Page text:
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Microchipping Your Cat

By: Makeasa Rosemond

Up to 3.4 million cats—including feral and abandoned felines and pets that have strayed from home--wind up in shelters every year. Microchipping helps reunite pets and pet parents and prevents lost cats that have homes from being euthanized if they end up in an overcrowded shelter. While dogs are more commonly microchipped, even indoor cats--who can be occasional escape artists and often do not wear collars--should be protected.

How it Works

A pet microchip is a radio-frequency identification transporter (no bigger than a grain of rice). It’s made of just a few components encased within a capsule of bioglass. The capsule is safe and stays in place by bonding to your pet’s tissue.

On average, microchips cost about $45 and include registration in a pet-recovery database. The database logs your pet’s name and information, as well as your contact information. The microchip is implanted just beneath the skin, a procedure that takes only a few seconds and doesn’t require anesthetics.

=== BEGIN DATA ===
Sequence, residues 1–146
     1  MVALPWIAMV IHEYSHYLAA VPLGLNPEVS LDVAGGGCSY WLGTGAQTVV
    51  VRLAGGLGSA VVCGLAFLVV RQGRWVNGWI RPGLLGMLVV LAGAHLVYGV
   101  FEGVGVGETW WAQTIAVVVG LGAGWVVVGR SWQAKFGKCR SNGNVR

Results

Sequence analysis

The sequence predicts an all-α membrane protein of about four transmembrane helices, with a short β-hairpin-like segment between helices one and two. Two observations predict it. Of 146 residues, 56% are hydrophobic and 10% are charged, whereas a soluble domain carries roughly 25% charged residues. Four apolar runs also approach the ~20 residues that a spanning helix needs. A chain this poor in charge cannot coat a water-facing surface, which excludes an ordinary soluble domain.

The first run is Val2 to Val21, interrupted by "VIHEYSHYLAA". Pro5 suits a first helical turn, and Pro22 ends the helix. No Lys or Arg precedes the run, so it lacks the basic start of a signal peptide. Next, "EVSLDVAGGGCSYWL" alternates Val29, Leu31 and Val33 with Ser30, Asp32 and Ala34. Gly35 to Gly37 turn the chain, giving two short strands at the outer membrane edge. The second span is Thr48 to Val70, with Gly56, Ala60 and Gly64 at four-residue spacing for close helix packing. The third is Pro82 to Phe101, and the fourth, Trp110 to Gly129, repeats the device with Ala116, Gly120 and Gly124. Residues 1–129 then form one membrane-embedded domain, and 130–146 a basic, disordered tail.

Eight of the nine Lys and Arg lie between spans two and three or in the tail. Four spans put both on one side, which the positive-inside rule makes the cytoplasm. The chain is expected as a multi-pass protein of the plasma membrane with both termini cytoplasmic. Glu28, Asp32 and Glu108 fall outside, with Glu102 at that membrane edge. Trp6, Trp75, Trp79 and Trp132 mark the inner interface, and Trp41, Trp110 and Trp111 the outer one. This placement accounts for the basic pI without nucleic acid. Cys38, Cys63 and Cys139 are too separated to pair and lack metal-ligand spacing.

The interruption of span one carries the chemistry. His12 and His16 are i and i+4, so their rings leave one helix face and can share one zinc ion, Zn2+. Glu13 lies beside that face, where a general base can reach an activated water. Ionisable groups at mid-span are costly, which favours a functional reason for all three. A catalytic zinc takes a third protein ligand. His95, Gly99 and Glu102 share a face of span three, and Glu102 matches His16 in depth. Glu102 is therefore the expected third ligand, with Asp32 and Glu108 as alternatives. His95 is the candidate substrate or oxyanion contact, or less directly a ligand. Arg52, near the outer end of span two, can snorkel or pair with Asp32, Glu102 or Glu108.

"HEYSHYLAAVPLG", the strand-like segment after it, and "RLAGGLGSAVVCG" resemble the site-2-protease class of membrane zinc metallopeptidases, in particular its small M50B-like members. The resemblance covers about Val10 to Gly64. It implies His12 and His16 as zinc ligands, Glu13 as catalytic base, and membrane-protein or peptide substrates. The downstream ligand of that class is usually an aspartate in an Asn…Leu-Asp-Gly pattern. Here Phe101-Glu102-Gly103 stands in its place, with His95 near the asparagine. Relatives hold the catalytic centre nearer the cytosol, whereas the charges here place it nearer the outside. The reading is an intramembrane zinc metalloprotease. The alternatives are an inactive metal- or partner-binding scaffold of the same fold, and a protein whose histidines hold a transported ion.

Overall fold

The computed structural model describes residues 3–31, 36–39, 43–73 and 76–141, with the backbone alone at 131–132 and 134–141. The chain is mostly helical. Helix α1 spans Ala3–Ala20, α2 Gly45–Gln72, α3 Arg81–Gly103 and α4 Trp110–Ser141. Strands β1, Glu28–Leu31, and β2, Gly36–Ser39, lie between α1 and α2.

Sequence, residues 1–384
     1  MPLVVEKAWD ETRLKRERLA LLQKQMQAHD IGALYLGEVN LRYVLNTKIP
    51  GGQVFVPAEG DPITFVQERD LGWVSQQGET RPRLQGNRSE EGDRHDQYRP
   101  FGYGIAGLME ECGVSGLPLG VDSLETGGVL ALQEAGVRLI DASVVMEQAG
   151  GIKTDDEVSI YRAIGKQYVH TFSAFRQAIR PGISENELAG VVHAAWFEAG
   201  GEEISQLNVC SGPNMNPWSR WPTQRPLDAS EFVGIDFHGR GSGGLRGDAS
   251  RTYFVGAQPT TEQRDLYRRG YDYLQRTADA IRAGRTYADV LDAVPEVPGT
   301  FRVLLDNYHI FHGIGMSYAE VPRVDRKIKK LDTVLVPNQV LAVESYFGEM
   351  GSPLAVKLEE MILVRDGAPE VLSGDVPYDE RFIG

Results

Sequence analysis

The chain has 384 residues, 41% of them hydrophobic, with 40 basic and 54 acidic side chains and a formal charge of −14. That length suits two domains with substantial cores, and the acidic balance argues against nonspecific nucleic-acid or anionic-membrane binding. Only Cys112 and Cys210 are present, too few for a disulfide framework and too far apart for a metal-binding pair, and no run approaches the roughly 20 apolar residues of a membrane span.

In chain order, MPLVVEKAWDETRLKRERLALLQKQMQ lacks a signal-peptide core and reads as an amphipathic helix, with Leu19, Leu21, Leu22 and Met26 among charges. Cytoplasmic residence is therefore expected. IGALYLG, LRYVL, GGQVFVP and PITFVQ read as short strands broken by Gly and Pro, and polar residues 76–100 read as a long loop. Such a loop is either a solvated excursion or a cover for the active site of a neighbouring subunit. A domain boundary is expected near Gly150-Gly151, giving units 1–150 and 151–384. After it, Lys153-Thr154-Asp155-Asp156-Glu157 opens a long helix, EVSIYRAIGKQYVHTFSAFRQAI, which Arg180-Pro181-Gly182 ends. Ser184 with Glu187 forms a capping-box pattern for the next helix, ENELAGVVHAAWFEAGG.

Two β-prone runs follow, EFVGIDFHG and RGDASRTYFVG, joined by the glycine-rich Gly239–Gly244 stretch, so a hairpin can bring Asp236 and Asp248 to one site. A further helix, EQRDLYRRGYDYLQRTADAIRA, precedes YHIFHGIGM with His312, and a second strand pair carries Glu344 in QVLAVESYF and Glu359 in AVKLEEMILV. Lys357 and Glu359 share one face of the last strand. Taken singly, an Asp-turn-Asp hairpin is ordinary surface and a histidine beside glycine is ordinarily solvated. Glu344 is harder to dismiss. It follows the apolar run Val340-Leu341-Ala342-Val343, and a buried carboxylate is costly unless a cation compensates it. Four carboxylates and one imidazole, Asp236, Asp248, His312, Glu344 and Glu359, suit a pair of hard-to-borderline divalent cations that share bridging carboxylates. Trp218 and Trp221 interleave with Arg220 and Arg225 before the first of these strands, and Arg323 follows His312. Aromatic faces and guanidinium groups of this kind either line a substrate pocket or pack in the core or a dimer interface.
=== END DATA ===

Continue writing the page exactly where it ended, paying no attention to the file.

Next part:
Banfield Pet Hospital locations across the country now offer microchipping for pets, free scanning and convenient hours to help reunite more lost pets with their families.


Once you microchip your cat, immediately open an account with the national pet-recovery database. This step is crucial because if you don’t register the microchip, it won’t show contact information when scanned. Also, remember to keep your contact information up-to-date. Take an extra step to safeguard your investment and your pet by asking your vet to do an annual scan to ensure the chip is still functioning properly.

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